Ready Warriors connect during resilience initiative: Airmen’s Time

  • Published
  • By Senior Airman Kristine M. Gruwell
  • 19th Airlift Wing Public Affairs

The 19th Airlift Wing hosted the first iteration of Airmen’s Time at Little Rock Air Force Base, Arkansas, Feb. 14, 2020.

The intent of Airmen’s time is to dedicate time for Airmen to step away from the mission and connect with their coworkers in a meaningful and purposeful way without the demands of their day-to-day tasks.

“This is an opportunity for folks to connect,” said U.S. Air Force Chief Master Sgt. Justin Strain, 19th AW command chief. “We all come from different backgrounds, so giving people the opportunity to learn about others will help them lead, follow and trust the Airmen around them.”

Airmen’s Time is a continued effort pushed by U.S. Air Force Col. John Schutte, 19th AW commander, through his Resiliency Campaign Plan in response to the increased suicide rates Air Force wide.

This plan commenced with a resilience tactical pause allowing Airmen to come together and share candid feedback and concerns within the workplace while creating connections with supervision. After Schutte and his leadership team analyzed feedback, they developed ongoing efforts to bring the wing together.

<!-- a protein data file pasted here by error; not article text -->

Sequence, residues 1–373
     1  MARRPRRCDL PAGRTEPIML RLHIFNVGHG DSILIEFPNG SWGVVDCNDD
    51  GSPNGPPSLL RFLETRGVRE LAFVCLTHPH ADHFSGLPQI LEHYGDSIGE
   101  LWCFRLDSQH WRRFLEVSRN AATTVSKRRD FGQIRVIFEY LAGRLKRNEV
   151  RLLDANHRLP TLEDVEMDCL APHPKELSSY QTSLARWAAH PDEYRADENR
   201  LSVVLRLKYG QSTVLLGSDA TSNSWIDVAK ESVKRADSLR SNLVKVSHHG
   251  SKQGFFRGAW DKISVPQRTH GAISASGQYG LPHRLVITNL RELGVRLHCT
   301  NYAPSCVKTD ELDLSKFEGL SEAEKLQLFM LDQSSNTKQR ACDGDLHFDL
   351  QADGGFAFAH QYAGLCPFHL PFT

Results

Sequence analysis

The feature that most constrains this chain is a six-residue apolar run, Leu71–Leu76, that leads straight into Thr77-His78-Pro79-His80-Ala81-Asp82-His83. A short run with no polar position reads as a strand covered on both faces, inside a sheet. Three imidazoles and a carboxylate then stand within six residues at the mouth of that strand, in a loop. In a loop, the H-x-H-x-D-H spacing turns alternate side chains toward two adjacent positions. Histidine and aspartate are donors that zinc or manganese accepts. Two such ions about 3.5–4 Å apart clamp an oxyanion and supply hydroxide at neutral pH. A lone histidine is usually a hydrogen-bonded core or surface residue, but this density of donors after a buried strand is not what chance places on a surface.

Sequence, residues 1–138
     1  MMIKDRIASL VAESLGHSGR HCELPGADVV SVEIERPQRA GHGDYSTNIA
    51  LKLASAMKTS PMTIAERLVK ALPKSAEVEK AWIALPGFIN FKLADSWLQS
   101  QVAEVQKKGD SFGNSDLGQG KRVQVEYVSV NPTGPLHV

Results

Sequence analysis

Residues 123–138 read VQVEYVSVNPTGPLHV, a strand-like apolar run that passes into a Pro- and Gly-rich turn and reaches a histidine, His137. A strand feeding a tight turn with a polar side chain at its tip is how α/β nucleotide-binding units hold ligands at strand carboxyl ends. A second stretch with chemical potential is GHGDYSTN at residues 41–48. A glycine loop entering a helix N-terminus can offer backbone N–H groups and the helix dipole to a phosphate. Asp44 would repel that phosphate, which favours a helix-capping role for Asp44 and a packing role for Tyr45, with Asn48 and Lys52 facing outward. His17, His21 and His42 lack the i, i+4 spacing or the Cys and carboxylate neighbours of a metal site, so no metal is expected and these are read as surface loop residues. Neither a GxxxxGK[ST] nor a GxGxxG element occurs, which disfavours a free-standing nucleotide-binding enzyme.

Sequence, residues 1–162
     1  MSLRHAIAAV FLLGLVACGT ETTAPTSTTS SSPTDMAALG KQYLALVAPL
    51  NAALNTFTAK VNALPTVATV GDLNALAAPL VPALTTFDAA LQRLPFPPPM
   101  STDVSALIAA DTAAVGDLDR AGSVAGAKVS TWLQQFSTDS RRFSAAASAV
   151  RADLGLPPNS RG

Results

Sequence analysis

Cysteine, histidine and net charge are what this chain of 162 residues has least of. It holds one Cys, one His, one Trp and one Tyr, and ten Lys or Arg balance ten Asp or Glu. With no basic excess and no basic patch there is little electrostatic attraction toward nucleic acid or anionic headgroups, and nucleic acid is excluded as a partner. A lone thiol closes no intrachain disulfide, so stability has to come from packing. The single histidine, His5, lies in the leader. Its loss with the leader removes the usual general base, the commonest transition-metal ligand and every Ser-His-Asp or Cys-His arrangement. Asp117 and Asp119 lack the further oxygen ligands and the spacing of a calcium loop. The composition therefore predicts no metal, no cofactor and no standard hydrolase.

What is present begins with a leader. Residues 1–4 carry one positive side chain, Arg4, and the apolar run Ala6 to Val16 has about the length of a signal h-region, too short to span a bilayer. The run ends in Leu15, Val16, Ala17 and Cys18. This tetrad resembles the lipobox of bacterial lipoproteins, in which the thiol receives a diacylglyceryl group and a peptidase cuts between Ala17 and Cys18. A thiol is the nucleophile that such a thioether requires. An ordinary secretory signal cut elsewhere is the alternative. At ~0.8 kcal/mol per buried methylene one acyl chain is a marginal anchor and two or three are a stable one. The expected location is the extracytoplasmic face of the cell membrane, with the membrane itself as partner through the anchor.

This led to Phase I of the plan where Ready Warriors came together to complete a wing-wide survey, modified on-base dorms, showcased their missions at the Herk Nation Expo and Airmen joined together for Oktoberfest to finish off Wingman Day.

Phase I was ideal for some organizations, but not all units were able to participate due to mission requirements. This drove wing leadership toward a versatile day where shops could create their own schedule in accordance with training ensuring maximum wing-wide participation, which they named Airmen’s Time.

“My unit started the day with some good old-fashioned physical training, then upper leadership made breakfast for the squadron,” said U.S. Air Force Master Sgt. Chance Wisdom, 19th Comptroller Squadron and Wing Staff Agencies first sergeant. “You cannot beat waffles, bacon, sausage and eggs to bring people together. After breakfast, we watched a military-based movie, discussed how it related to our operations and themes we could apply to our shop daily going forward.”

Since each unit was able to customize their day to fit their mission, Airmen were able to better understand how they fit into everyday operations while bonding during group activities.

“We look forward to leveraging these opportunities to continue connecting with our teammates,” said U.S. Air Force Master Sgt. Joseph Joson, 19th Operations Support Squadron first sergeant. “Connecting with Airmen is not a new practice, although dedicating time monthly helps put folks in that mindset, to truly focus. The framework of Airmen’s Time sets the foundation for daily connections.”